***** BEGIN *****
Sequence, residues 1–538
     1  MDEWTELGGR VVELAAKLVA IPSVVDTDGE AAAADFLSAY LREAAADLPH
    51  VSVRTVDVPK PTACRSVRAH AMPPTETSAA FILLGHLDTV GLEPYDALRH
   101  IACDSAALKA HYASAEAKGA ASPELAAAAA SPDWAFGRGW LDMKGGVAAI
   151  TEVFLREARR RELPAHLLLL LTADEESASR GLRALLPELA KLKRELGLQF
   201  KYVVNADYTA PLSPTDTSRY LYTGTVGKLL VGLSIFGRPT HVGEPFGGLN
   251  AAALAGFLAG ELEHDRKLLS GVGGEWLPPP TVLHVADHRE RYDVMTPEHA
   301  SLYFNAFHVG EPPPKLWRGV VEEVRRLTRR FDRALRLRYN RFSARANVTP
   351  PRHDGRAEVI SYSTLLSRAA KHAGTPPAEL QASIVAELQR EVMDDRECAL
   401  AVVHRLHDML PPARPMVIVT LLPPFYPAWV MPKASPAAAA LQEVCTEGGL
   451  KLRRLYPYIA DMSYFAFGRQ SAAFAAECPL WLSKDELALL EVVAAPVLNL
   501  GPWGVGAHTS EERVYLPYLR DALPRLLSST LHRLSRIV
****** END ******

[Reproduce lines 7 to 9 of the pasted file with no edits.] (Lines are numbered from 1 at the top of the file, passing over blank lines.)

   251  AAALAGFLAG ELEHDRKLLS GVGGEWLPPP TVLHVADHRE RYDVMTPEHA
   301  SLYFNAFHVG EPPPKLWRGV VEEVRRLTRR FDRALRLRYN RFSARANVTP
   351  PRHDGRAEVI SYSTLLSRAA KHAGTPPAEL QASIVAELQR EVMDDRECAL